Health

How serious is Trudeau about women’s reproductive rights?

Prime minister is slow to act on promises to advance access to safe abortion at home and abroad
Photo: Justin Trudeau meets with Phumzile Mlambo-Ngcuka, executive director of UN Women, to talk about women's equality. Photo by UN Women.

Trudeau’s feminism has been put to the test since day one of his election. Today, on the Global Day of Action for Access to Safe and Legal Abortion, it’s time for the Canadian government to turn words into action.

Your ad here
Don't like ads?
Automated ads help us pay our journalists, servers, and team. Support us by becoming a member today to hide all automated ads:
Become a member

Note: This article is also available in the French edition of Ricochet.

While this new government continues to make inroads in changing the rollback of human rights left behind by Harper — through a national inquiry into missing and murdered Indigenous women, reimplementation of the long-form census, and the historic welcoming of 25,000 Syrian refugees into the country — Trudeau is slow to act on his promises to advance women’s reproductive rights, namely access to safe and legal abortion at home and abroad.

Without access to safe and legal abortion, women often turn to unsafe methods. Every minute, some 40 women around the world undergo unsafe abortion because they have little choice and for myriad reasons do not want to continue the pregnancy. Unsafe abortion is one of five leading causes of maternal mortality and is the only one that is completely preventable.

Rules imposed by Health Canada on its use are unnecessarily restrictive.

Above all, access to safe abortion care is a fundamental human right. Global human rights bodies have consistently recommended withdrawing criminal penalties against women who undergo abortions and revising laws on abortion so that unsafe and illegal abortions no longer contribute to maternal mortality and morbidity. Canada now has the opportunity to accelerate this progress.

On the home front, many Canadians face challenges in accessing abortion. Across the country, only one in six hospitals provide abortions, most of which are located in big cities within 150 km of the United States border. And while Trudeau may have played a role in what will be PEI’s first on-island abortion clinic, his government is doing little to push the envelope.

Mifepristone — the pill included in the World Health Organization’s list of essential medicines — was finally approved in Canada last summer. Used to medically induce abortion, the pill has huge potential for increasing access, especially in remote areas of the country, but rules imposed by Health Canada on its use are unnecessarily restrictive and unless revised will interfere with the dignity of those seeking abortion care and impede access to these medicines.

But it’s not just about Trudeau’s role in Canada. With the renewal of the Muskoka Initiative, the government has the opportunity to significantly advance the health and rights of women and girls around the world. Minister Marie-Claude Bibeau can and must fulfil her international development mandate and close the gaps in the Muskoka Initiative with respect to reproductive rights and health.

Even when contraception is available an estimated 33 million contraceptive users face unintended pregnancy each year.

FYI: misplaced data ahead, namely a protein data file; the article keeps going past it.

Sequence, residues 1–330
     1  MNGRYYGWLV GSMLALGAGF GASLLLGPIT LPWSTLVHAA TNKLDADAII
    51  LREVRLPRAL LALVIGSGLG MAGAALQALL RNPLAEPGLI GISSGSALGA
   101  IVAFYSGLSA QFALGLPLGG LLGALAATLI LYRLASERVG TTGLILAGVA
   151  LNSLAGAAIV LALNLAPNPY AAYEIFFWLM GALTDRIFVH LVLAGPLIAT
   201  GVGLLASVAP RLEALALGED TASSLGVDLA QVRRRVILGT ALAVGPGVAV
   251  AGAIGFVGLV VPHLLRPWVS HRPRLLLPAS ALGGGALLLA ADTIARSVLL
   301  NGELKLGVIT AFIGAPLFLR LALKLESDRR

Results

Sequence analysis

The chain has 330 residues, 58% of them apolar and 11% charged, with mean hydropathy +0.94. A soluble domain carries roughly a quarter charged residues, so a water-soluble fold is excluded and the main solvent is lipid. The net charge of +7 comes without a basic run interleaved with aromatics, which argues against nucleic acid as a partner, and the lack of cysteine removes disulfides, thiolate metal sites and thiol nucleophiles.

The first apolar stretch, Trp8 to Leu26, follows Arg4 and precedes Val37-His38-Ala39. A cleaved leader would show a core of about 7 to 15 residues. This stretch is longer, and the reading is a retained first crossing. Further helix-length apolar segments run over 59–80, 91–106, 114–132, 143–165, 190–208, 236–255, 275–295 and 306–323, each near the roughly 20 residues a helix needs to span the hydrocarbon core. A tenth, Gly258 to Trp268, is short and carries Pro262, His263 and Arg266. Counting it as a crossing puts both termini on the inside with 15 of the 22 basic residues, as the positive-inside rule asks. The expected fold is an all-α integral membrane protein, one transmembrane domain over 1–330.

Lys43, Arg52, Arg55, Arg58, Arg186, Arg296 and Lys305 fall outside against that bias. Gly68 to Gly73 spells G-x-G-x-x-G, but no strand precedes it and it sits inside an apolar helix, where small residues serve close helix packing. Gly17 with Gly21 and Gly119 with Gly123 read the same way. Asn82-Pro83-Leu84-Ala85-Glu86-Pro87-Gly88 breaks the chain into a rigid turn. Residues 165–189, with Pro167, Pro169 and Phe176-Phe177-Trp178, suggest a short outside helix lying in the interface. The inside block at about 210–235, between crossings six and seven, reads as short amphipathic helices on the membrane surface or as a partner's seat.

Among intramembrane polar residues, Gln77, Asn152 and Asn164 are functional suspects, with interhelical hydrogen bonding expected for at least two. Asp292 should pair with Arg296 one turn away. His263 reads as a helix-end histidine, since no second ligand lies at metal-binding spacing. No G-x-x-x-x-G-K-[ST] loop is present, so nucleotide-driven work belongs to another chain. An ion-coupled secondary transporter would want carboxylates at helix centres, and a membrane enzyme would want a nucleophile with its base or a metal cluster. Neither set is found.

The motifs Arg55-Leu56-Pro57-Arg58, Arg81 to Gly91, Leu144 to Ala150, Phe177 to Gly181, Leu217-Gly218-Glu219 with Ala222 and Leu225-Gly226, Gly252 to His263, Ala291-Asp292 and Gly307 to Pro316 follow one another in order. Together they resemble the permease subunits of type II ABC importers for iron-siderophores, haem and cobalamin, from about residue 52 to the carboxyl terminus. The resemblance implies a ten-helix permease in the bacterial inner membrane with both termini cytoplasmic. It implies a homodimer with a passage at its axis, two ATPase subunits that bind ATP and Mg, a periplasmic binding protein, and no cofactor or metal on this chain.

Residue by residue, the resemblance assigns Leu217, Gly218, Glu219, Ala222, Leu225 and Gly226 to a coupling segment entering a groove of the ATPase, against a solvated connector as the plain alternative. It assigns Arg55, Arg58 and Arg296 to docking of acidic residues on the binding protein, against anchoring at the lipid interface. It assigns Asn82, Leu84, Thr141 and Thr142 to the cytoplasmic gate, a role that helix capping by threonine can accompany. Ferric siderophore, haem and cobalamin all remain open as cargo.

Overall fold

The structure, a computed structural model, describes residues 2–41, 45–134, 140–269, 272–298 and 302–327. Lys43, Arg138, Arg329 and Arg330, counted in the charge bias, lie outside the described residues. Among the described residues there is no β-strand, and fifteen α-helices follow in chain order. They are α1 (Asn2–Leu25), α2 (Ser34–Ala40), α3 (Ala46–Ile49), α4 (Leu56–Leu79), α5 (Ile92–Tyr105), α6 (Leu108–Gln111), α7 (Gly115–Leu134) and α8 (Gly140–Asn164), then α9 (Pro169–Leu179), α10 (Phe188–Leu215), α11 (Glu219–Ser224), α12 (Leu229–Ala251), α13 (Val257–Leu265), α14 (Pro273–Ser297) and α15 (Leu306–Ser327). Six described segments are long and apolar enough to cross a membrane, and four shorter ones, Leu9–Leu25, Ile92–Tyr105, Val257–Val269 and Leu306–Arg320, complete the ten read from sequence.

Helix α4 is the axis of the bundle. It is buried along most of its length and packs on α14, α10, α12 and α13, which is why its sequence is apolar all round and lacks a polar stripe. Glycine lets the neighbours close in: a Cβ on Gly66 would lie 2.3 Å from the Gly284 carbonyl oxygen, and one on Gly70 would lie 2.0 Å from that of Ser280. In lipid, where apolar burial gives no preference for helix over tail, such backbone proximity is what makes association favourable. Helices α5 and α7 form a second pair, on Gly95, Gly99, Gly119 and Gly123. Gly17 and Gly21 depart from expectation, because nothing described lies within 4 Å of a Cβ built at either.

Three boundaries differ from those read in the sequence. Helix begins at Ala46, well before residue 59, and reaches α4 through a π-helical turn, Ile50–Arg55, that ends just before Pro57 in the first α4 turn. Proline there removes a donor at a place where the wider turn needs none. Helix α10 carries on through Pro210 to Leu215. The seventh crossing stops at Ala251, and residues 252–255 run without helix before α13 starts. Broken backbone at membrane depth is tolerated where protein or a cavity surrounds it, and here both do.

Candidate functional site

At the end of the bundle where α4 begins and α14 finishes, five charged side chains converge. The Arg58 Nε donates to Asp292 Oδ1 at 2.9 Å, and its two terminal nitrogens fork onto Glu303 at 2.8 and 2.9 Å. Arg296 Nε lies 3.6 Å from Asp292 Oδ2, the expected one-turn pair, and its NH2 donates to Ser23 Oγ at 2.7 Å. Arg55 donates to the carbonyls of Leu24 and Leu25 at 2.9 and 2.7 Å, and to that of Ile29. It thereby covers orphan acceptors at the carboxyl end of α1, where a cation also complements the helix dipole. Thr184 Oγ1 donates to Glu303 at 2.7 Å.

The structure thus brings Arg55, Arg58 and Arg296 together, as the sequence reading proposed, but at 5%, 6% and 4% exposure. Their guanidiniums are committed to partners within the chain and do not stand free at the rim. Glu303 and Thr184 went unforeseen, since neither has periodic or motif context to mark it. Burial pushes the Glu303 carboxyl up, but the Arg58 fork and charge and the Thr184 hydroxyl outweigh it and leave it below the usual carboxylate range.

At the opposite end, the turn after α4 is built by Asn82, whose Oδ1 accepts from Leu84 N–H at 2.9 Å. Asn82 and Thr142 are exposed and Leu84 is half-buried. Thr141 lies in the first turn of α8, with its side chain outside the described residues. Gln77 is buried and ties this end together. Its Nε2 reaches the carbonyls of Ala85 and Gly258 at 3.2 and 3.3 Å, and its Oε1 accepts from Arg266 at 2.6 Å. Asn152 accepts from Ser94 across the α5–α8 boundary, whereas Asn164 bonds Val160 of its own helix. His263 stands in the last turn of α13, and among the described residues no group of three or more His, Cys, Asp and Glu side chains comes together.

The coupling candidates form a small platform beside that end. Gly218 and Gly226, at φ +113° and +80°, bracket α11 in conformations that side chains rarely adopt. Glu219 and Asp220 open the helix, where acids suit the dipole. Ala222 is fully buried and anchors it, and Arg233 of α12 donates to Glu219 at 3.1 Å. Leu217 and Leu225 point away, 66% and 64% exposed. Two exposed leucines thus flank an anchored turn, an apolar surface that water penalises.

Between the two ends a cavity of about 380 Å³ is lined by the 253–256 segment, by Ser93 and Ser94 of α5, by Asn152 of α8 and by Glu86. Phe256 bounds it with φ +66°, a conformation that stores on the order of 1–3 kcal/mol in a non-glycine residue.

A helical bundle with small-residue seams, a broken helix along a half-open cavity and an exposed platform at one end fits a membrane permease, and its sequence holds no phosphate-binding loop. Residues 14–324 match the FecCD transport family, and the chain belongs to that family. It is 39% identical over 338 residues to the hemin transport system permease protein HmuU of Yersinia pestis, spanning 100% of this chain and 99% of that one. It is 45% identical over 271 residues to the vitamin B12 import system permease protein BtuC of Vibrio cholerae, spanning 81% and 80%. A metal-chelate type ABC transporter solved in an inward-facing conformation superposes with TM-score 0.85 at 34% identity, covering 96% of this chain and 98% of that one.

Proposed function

In March 2016, Bibeau took some first steps by announcing Canada’s renewed commitment to improving sexual and reproductive health in developing countries. The government announced support for United Nations Population Fund projects amounting to $76 million with an added $5 million to be earmarked for contraceptive supplies. It was a nod toward ensuring universal access to sexual and reproductive health and rights, but not enough.

World Health Organization data shows that even when contraception is available an estimated 33 million contraceptive users face unintended pregnancy each year. Abortion is an integral part of reproductive health services and shouldn’t be a taboo subject. It should be part of global — and national — efforts to promote universal access to sexual and reproductive health services.

We know from Ethiopia, Nepal, and countries throughout Western Europe that when abortion is integrated with other reproductive health services such as contraception, unsafe abortions are reduced and women’s lives are saved. This benefits families, communities, and nations.

Trudeau has the opportunity to take a stand in respecting a woman’s right to choose and preventing unsafe abortion practices by including safe abortion as an integral part of health care — a historic opportunity to be a bold world leader in promoting and supporting all aspects of sexual and reproductive rights at home and abroad. As Sept. 28 comes and goes, what better time than now. Because it’s 2016.

Sandeep Prasad LLB is executive director of Action Canada for Sexual Health and Rights, a progressive, pro-choice charitable organization committed to advancing and upholding sexual and reproductive health and rights in Canada and globally.

Anu Kumar is the chief strategy and development officer for Ipas, a U.S.-based international non-governmental organization that works to prevent deaths and injuries from unsafe abortion, to advance women’s sexual and reproductive rights and to expand access to safe abortion care.

You might also be interested in...
Middle East policy
Poll: Canadians supportive of boycott and sanctions against Israel
Derrick O'Keefe
March 2, 2017
The Kurdish struggle
Canadians among the martyrs of an underreported revolution
Jenna Cocullo
February 27, 2017
Only in Quebec
This beer fights pipelines
Ethan Cox
March 1, 2017